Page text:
In a hot market, demand exceeds supply.
Sellers have no problem selling so they don’t get distressed.
Sellers get distressed when they really need to sell but the market is so weak they can’t.
Sometimes real estate agents will promise the vendor a sale at an unreasonable price just to secure the contract to sell.
They then talk the vendor down to something more reasonable.
If this is done by a large number of agents in the one suburb, the discount could be skewed higher than normal.
But not all agents employ this technique and the extent of their influence is limited.
The greatest discounts and the greatest number of distressed sellers are in the worst locations for capital growth.
But if you’re hell-bent on this strategy, see table 1 for a list of Australia’s highest discounted markets as at the end of August 2015.
Table 1: Highest 3 discounted markets by state as at end of August 2015
Note the DSR in the right column.
This is a score out of 100 representing the demand relative to supply.
The average DSR country-wide is over 50 currently.
Very few markets have a DSR less than 45.
But the list in table one shows very few markets with a DSR above 50.
As you can see from the data there is a correlation between markets with low demand to supply ratios (i.e. weak markets) and high discounting.
When demand is weak with respect to supply, a vendor will find little interest from buyers and too much competition from other sellers.
But when demand is high and supply short, there are very few distressed vendors – they pop their property on the market and away it goes for close to the asking price.
If you bought from a developer in a new complex, your cheap purchase will guide the prices of future purchases.
This could potentially drag down the values.
If there are enough sales of the same value, you can give up on getting a higher value from your lender 6 months down the track.
Another problem with the strategy is that it can distract investors from more important and lucrative aspects of the property such as the capital growth, renovation or development potential.
If your sole strategy is to buy under market value, then once you’ve bought, you’ve locked in your profit.
The clever part of your plan has ended for the rest of the life of ownership of that property.
Unless there is something else going for the property like capital growth potential or renovation potential, there could be little further profit to be made.
That 10% discount will seem pretty inconsequential after you’ve been holding a stagnant property for 3 years of zero growth.
If there are loads of similar properties, it is easier to get an accurate idea of market value.
But then your property will be the same as many others and you lose the uniqueness factor.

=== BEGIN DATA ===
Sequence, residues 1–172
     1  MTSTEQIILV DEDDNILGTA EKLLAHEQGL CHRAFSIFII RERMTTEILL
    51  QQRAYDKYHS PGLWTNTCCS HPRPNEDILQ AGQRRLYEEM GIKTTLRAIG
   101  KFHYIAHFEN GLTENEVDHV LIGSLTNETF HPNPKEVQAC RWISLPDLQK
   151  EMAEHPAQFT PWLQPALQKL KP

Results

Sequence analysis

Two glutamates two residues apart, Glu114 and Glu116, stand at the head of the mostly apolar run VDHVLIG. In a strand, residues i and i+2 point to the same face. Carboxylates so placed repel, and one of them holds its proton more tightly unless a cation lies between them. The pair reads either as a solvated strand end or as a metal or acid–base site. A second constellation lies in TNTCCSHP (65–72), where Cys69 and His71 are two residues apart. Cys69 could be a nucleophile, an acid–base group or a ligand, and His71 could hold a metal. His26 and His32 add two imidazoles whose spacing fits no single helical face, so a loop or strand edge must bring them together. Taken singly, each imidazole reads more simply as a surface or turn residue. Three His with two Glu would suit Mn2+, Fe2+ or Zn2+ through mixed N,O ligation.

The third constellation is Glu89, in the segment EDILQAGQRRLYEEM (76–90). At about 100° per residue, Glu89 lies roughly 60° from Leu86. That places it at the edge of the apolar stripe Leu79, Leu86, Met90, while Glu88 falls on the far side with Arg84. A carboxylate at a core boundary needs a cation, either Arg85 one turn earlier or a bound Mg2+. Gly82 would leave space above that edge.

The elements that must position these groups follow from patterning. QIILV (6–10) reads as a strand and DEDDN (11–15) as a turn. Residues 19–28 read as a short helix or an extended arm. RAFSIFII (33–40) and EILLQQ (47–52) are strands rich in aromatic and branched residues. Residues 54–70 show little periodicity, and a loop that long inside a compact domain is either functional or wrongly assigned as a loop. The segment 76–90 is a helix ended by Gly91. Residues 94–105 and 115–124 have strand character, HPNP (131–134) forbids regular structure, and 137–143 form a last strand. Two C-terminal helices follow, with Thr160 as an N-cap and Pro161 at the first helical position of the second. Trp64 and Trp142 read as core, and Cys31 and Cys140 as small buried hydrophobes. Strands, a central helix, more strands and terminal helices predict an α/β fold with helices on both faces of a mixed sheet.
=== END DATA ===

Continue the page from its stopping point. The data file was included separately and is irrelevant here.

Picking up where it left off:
But the strategy becomes harder to get right if the target property is unique because of the inability to accurately determine market value.
Entry & Exit costs
Another problem is that finding a true property under market value by a significant amount can be difficult.
By significant I mean enough to buy, sell, pay tax and make a profit.
Remember there are entry and exit costs such as stamp duty, legal fees, building and pest inspections, valuation, loan establishment fees, sales agent commission and more legal fees on the sale, plus your own time and capital gains tax.
Unless you’re buying for around 15% or more below true market value, you’ll find it hard to buy and sell and make a worthwhile profit after tax.
Remember that if you sell within 12 months you won’t get the 50% CGT discount.
At best you can buy in a company name and pay 30% of your profits to the ATO.
As I said earlier, there’s no such thing as a discount flip.
And if you buy and hold rather than sell, then you’ll need to ensure there is adequate upward pressure on prices forecast for the future to make the holding costs worth it.
This research will be more time-consuming than researching market value.
But if you get that right, the upside on profit is much more rewarding.
Trash vs treasure
Another potential trouble-spot for novice investors with this strategy is the lure of fine scented rubbish.
If a tin of rubbish was for sale at half price, would you offer to buy the whole crate to maximise your savings?
Are you able to do enough research to know it truly is a bargain and not just a cheap rubbish dump?
Recognising the difference between trash and treasure will often come down to the state of the market.
Once again, if the market is hot, there won’t be too many distressed vendors and therefore not much under market value opportunities.
I prefer to pay above market value to secure a great property in a top location.
I’m not saying you can’t make a profit from buying “under market value”.
I’m not saying genuine deals don’t exist.
I’m just presenting my dislikes of the strategy and therefore my preference for others.
I would rather pay top dollar to secure a property with loads of potential than scrounge around looking for a seller who has all but given up trying to offload their problem in an ordinary market.